Posted on 13th Jan, 2017 by Ben Earnshaw
As any driver knows, the dangers of nighttime driving are well documented, and the winter season sees us driving at night for longer and more frequently than any other time of year. But although there are lots of well-known hazards to driving at night, there are others which aren’t quite so obvious.
One of the most obvious hazards of nighttime driving, the lack of light (especially on rural roads) means a sharp drop in visibility. But not only that – it also affects your depth perception, colour recognition and peripheral vision, which can all have detrimental effects on your driving. This can lead to obstacles, wildlife or even pedestrians all appearing in view much more suddenly than they would in daylight hours. Therefore, you should never drive at a speed at which you’d be unable to stop within the distance your headlights show to be clear. This applies especially to HGVs, which have far greater stopping distances than smaller cars.
Similarly, the reduced depth perception means that it can be difficult to accurately judge speed as well as distance, resulting in a greater risk from other vehicles. If in doubt, always exercise caution with your driving.
We all know that our vision is reduced at night, but it’s easy to forget that it actually takes time for our eyes to adjust to darkness after being in a lit environment. Dusk is the most dangerous time for this, as your eyes constantly have to adjust to the changing amounts and angles of light. Meanwhile, the headlights from other vehicles can also play havoc with your night vision. High intensity headlights are becoming more common, requiring your eyes to adjust faster and running the risk of temporarily dazzling you. It can be especially easy to miss the single headlight of a motorcyclist amongst the glare of brighter headlights. You can combat this by avoiding looking directly at oncoming headlights, and if you’re dazzled than slow down to compensate. Once again, the greater stopping distance of HGVs is critical to bear in mind.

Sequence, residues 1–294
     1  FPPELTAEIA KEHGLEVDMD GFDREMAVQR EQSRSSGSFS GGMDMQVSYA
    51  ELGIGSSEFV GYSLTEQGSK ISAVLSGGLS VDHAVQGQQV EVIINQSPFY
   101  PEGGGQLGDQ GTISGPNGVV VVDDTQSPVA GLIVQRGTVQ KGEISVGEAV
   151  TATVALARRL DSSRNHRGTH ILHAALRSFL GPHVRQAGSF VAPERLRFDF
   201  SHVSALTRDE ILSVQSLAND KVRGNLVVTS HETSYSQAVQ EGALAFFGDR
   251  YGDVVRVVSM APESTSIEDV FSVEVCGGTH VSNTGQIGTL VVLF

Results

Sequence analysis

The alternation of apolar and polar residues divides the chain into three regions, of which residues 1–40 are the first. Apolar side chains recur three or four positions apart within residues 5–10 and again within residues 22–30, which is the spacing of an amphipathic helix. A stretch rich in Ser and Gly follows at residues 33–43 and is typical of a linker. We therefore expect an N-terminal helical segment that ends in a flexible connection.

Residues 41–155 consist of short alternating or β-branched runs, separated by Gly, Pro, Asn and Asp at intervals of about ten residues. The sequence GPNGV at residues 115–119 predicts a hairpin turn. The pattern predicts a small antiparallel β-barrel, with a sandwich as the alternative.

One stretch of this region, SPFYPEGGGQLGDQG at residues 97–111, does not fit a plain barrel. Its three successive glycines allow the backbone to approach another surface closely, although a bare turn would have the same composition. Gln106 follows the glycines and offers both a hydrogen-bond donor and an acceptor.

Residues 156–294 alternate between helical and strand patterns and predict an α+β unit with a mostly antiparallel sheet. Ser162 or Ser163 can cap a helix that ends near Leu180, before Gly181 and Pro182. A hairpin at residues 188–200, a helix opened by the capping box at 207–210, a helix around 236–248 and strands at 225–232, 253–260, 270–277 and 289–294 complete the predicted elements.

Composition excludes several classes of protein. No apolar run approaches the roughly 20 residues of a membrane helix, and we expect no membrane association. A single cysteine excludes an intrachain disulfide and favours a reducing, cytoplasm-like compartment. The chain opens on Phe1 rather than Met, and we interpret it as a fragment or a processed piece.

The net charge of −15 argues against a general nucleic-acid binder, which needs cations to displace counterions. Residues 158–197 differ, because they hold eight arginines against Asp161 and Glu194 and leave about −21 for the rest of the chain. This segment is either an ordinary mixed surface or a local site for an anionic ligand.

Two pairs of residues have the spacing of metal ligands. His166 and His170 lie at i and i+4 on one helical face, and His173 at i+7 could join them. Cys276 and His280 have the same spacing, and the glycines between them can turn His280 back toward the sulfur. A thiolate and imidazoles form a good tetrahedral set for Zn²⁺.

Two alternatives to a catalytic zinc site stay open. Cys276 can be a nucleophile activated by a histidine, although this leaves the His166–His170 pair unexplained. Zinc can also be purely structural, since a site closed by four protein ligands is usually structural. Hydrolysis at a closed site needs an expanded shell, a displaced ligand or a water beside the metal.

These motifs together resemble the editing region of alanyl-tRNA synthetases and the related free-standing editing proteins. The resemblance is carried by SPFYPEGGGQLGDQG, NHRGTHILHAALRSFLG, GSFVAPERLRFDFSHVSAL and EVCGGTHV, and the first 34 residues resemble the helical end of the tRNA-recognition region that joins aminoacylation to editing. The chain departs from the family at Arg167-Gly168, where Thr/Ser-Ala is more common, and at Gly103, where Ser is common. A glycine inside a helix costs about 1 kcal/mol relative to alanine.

As for your own lights, make sure they’re in full working order, and that there is no visibility-reducing film of dust or grime over them. Also, make sure they’re properly aimed, as misaimed headlights can blind other drivers and reduce your own ability to see the road ahead.
We’re daylight creatures by nature, which means darkness has a naturally soporific effect on us. Driving tired is just as dangerous as driving drunk, and has similar effects on our bodies in terms of our reaction times, slowing them dramatically. Caffeine is a great way to combat this – strong coffee is a first resort of many long-haul HGV drivers. However, if you prefer not to consume caffeine, regular breaks are all-important, both to your own safety and to that of other road users. Be wary for the classic signs of tiredness; not just heavy eyelids and drowsiness, but also less obvious ones like missing exits or traffic signs, or an inability to remember the last few miles driven. Managing your energy levels is a crucial skill for any driver, and if in doubt it’s always better to be safe than sorry.
You can get that extra edge with our VT Cameras, which are equipped with LED night sensors for nighttime driving, while our 360-degree four-camera systems allow you to maintain awareness of everything around you. Though driving in broad daylight is always going to be preferable to driving in the dark, there are very few drivers who won’t have to face the prospect at some point. Staying safe is a matter of staying alert – both of your environment, and yourself.
Don’t forget to follow us: @visiontechnique